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The 2007 Patriots set all sorts of records, and are as good as you remember.  In fact, that New England team was even great when compared among great teams.  Through 13 games, the Patriots outscored opponents by 281 points, by far the best differential among teams since 1970.  Carolina’s +168 points differential, while good enough to lead the league in 2015, looks downright unimpressive by comparison.

But what’s often forgotten about that New England team is that it slowed down considerably during the season, perhaps due to age (the Patriots were the third oldest team in the NFL that year, by AV).  In case you forgot:

  • The 2007 Patriots outscored opponents by 25.4 points per game in New England’s first 10 games.
  • In the team’s final six games, the Patriots outscored opponents by 10.2 points per game.
  • In three playoff games, New England outscored opponents by 5.7 points per game.

We think of the ’07 Patriots as a dominant team, and they of course were.  But they were also a team that ran out of gas as the season went along, culminating in the Super Bowl loss.  New England covered the point spread, often by large amounts, in nine of the team’s first ten games. Then, the Patriots covered the spread in just one of New England’s final nine games.   While the ’07 Patriots were one of the greatest teams in football history, it’s also true that their story was a tale of two halves: an absurdly dominant first half, and a less-than-overwhelming second half, that failed to meet expectations.

The 2015 Panthers?  Well, Carolina was an underwhelming undefeated team early in the year, frequently placed at the back of most power rankings behind the other undefeated squads.  After six weeks, the 5-0 Panthers ranked 6th in ESPN’s power rankings, behind the unbeaten Patriots, Packers, Broncos, and Bengals, as well as the 4-2 Cardinals. That’s not intended as a knock on ESPN: Carolina also ranked 6th in points differential at that time.

Two weeks later, the 7-0 Panthers were only 5th according to ESPN; it wasn’t until Carolina got to 11-0 (or, more accurately, the Patriots finally lost) that the Panthers jumped to the top of ESPN’s power rankings.  But the truth is, Carolina has played a lot better in recent weeks.  Here is what I wrote at the Washington Post a couple of weeks ago, picking up after a string of close games:

Against Tennessee [Game 9], the Titans last ran an offensive play while trailing by one score with 14:14 left in the 4th quarter. The next game, against Washington [Game 10], was even more dominant: With 38 minutes left in the game, Matt Jones fumbled deep in Washington territory, and Carolina up 21-14. The Panthers scored a touchdown on the next drive, and Washington never again trailed by fewer than 14 points. And on Thanksgiving [Game 11], the Panthers beat that by a full minute knocking out the Cowboys with 9:33 left in the second quarter.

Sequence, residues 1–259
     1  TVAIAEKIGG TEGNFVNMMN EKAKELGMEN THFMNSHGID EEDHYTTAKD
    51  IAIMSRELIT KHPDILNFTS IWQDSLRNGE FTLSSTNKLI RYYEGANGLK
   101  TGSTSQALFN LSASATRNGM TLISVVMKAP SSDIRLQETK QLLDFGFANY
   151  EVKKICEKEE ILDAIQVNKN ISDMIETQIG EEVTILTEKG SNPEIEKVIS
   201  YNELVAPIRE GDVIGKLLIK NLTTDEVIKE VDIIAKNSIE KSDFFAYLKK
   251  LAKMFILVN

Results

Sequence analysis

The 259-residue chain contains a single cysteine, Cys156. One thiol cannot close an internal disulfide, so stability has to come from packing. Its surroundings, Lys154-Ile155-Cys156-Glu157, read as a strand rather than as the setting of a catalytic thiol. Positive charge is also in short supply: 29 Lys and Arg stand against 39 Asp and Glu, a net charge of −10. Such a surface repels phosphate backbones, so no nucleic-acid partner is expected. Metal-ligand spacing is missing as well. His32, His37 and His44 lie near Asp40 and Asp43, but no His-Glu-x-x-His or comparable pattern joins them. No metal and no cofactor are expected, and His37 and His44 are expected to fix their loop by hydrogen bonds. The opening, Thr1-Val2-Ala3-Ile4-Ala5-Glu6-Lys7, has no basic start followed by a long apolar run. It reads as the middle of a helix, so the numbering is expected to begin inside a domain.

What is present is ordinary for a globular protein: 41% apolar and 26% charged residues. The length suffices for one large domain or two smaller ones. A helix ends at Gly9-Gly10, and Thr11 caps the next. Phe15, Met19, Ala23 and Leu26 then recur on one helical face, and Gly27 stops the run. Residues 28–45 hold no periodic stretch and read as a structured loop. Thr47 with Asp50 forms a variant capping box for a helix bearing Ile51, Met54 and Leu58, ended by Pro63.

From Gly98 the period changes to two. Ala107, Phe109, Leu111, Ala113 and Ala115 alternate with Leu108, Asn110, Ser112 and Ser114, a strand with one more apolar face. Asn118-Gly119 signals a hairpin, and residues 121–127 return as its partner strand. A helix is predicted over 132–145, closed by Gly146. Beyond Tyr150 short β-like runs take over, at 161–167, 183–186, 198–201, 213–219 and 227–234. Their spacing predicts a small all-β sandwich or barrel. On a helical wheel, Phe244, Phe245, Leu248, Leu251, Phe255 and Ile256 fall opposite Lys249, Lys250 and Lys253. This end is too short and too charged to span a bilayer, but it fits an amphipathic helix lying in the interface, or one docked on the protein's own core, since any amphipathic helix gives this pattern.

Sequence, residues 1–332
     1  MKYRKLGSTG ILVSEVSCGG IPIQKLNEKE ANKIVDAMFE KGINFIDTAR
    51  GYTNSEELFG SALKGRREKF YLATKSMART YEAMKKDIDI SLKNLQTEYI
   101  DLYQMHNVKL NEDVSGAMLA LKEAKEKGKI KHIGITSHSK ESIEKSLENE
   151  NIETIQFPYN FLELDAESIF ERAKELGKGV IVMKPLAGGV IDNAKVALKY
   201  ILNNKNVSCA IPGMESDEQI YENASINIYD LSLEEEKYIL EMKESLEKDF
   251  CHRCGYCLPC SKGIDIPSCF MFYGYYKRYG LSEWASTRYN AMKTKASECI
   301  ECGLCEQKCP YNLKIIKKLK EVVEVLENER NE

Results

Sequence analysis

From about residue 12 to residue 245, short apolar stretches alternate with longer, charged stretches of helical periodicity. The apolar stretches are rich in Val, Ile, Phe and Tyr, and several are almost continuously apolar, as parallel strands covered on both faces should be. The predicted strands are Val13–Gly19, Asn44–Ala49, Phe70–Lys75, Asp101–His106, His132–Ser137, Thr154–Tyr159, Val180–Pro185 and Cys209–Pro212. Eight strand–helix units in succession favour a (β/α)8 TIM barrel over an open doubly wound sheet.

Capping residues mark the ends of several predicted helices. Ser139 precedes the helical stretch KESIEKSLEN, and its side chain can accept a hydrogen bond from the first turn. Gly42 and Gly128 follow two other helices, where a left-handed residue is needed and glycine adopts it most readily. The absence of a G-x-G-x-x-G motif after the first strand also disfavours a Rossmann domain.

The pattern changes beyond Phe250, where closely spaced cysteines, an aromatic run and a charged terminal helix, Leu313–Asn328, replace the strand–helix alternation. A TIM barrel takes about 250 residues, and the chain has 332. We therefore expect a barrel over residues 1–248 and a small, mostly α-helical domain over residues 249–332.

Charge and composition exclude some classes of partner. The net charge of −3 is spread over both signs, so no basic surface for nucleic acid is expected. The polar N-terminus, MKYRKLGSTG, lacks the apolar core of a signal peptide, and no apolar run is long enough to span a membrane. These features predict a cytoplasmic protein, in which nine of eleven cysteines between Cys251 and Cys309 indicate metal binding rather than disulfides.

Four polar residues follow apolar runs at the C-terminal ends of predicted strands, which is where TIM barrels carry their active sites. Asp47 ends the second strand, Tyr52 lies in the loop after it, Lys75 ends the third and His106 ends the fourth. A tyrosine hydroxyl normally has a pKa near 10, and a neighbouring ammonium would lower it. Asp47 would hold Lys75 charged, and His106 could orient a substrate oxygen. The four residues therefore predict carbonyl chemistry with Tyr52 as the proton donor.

Since then, Carolina won a nailbiter against the Saints to get to 12-0, with the knock out coming in the final seconds, but then blew out Atlanta, with the Falcons last having possession and trailing by less than 14 points with over 53 minutes remaining in the game.

Carolina’s been knocking out opponents earlier of late, which meshes with the team’s points differential.  In fact, the Panthers biggest four margins of victory this year have come in the team’s last five games.  Which is why, at least in one way, the ’15 Panthers may be hotter in mid-December than the ’07 Patriots were.

The graph below shows the margin of victory in each game for both the ’07 Patriots (in blue, with red dots) and ’15 Panthers (in black, with teal dots).  I have also produced a linear trend line (in blue, for New England, and black, for Carolina) for both teams.  The graph speaks for itself.

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It’s going to be close to impossible for a team to match what New England did as far as outscoring opponents by 254 points through ten games.  And it’s worth remember that the Patriots success in 2007 came against a far tougher schedule (0.4 points above average versus -3.5 points below average for the Panthers).  But this Carolina team is now peaking at the end of the season, and that’s one advantage the Panthers have over the 2007 Patriots. And nowhere is that more evident than in the play of the team’s passing attack.

Through seven games, Cam Newton was averaging 6.40 Adjusted Yards per Attempt, which ranked 24th in the league among passers with 100 attempts. Since then, over his last six games, Newton is averaging 9.99 Adjusted Yards per Attempt, second best in the NFL.

So what say you? What do you think of the 2015 Panthers?

  • sacramento gold miners

    Carolina’s had a magical ride, but I’m not sure they will beat either Seattle or Green Bay if they face either club in January. I would also put the 2007 Patriots in the separate subset of teams with great regular seasons, but not among the elite historically, since they couldn’t win the most important game of the season. That New England team belongs with teams like the 1968 Colts,1969 Vikings, and 1984 Dolphins.

    • I would add Arizona to that list: frankly, I’d bet on the Cardinals on a neutral field against team team in the NFL. Carolina will likely have to beat Green Bay/Seattle in round 2 and maybe Arizona in the NFCCG, so that will be quite a tough task.

      NE certainly belongs with the ’68 Colts and ’69 Vikings, along with the ’42 Bears. But I also think most observers, myself included, would put them among the best teams ever.

      That said, the intent of the article was to highlight the way in which they faded, and that was very real. They just weren’t *that* good by the end of the season. We all know the ’07 Giants were not a great team, and NE probably loses to the ’07 Colts again in the AFCCG if they had beaten San Diego. The Patriots of January were very different, both statistically and eye test-wise, of the Patriots of September/October.

      • Tom

        Chase, agreed, and I think if I weighted the SRS ratings more for recent games in my chart above, New England’s decline would be much more evident.

        • Yeah, in that chart, the decline is sort of muted by all the credit for the earlier domination.

      • Corey